Computer Information Systems

Examining non-profit challenges in the classroom


by Stephen Briggs

 
Michelle Hesse gives talk on charitable food programs - 2018

Michelle Hesse, a former JMU dietetics assistant professor with a Ph.D. in human nutrition and current director of agency relations for the Blue Ridge Area Food Bank returned to campus to lead discussions in Carey Cole’s COB204 CIS/BSAN classes about the challenges of charitable food programs. 

The event was, by all accounts, well received. Hesse noted that “The students were highly engaged in the presentation. I believe I spent more time answering questions than I did sharing the content of my presentation. I was truly amazed at the depth and breadth of questions that were asked.” 

Afterwards, students were encouraged to gather in groups and write out some reflections on the experience. Here are some excerpts.

“It was very interesting to see how information and material from this class can be applied to the real world. Knowing our school and teachers are making a difference in our community is very inspiring.” – Kyle Stevens, Sean McNeely, Satchel Knight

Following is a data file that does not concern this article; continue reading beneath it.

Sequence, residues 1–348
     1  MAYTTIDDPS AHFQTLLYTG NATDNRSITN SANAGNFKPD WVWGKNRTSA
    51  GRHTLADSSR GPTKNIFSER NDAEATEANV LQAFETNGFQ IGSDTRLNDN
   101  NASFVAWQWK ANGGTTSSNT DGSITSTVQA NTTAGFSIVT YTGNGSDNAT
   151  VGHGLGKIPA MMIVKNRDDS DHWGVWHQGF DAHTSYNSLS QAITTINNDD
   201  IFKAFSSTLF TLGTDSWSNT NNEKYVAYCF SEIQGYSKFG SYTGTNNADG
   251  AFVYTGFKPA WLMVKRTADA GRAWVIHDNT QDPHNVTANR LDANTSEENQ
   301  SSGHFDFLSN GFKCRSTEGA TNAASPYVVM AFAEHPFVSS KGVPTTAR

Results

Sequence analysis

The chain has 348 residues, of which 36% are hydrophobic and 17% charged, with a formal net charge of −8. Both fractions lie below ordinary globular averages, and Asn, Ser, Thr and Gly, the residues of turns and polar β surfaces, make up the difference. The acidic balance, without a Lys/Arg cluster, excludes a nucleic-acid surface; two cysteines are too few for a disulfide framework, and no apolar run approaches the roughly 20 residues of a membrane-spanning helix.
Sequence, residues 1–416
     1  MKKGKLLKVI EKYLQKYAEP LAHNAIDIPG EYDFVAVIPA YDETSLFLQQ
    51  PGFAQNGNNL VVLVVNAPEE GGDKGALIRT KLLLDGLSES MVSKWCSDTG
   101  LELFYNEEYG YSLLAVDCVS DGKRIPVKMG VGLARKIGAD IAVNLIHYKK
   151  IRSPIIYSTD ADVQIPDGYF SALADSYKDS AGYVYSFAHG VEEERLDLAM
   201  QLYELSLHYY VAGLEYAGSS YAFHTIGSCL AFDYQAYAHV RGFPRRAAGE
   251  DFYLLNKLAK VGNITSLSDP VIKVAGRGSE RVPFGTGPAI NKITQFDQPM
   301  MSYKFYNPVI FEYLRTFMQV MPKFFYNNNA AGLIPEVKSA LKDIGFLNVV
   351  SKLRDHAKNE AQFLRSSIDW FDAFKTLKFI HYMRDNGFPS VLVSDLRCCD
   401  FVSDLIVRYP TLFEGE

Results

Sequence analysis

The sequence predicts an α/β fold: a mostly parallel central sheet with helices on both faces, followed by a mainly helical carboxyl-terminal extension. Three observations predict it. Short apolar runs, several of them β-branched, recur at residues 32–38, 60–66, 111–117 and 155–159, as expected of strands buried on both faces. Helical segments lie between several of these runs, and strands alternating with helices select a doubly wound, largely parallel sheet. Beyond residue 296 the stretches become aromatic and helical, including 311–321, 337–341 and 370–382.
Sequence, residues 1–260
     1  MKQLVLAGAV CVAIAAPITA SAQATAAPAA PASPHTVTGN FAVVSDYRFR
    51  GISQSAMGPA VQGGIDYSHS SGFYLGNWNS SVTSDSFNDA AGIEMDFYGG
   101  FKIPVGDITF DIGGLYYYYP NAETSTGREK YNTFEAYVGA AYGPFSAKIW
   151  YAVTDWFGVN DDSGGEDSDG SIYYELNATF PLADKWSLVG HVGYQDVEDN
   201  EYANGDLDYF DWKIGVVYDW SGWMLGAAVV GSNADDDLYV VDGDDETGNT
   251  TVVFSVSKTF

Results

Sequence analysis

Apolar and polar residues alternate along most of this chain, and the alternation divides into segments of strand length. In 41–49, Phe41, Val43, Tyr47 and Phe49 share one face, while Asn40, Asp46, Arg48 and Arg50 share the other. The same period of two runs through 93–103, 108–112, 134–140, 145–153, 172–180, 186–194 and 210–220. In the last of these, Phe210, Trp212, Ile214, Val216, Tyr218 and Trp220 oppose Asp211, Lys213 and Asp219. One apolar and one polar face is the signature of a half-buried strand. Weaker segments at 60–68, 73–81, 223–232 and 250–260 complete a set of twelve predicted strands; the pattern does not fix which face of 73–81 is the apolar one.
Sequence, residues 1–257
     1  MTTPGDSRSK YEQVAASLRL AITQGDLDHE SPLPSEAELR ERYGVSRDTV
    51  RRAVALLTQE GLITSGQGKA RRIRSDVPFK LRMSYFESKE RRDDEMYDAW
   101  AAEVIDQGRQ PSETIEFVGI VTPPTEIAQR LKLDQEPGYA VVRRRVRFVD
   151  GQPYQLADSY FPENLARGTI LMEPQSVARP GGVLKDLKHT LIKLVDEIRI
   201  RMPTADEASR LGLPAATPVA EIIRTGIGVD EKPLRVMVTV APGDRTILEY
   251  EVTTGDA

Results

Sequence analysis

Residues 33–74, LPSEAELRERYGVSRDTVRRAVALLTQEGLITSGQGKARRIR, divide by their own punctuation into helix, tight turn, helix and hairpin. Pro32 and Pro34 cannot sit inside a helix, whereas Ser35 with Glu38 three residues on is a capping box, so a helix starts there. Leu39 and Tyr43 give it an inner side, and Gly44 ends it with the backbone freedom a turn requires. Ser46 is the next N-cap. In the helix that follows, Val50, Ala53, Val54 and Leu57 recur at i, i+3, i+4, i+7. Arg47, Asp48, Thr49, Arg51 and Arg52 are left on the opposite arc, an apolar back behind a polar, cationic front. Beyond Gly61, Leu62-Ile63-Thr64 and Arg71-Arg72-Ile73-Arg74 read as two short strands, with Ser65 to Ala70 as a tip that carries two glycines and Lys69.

“The food bank uses a program called Nourish that was designed by some of the CIS students at JMU that encompasses the five component framework of CIS. By using software to learn about which foods are high in certain nutrients, it makes it easier for the food bank to use this data and target those particular foods. She also explained that it is in her five year plan to be able to use Nourish to find the best food options for different demographics, such as finding the ideal diet for a child and elder, respectively.” – Jessica Snowden, Maisha Islam 

“Their technology saves them because through these pieces of technology and databases they are able to tell how much food they have, how much they can give to everyone, and how they are going to get it to the different locations all over Virginia. Without the technology they wouldn’t have an updated record and without knowing that information it’s very tough to make sure everyone gets a portion and would probably lead to people missing meals due to the shortage.” – Ryan McCourt 

“Hearing about all of the amazing work the food banks do was an extraordinary opportunity. Having the chance to meet someone who works one on one with operations of the food banks is something the entire class was grateful for. The Blue Ridge Area Food Bank does remarkable work and we are optimistic they will continue their life changing service.” – Madison Brown, Gabby Niedbalski

Published: Tuesday, November 27, 2018

Last Updated: Tuesday, May 14, 2019

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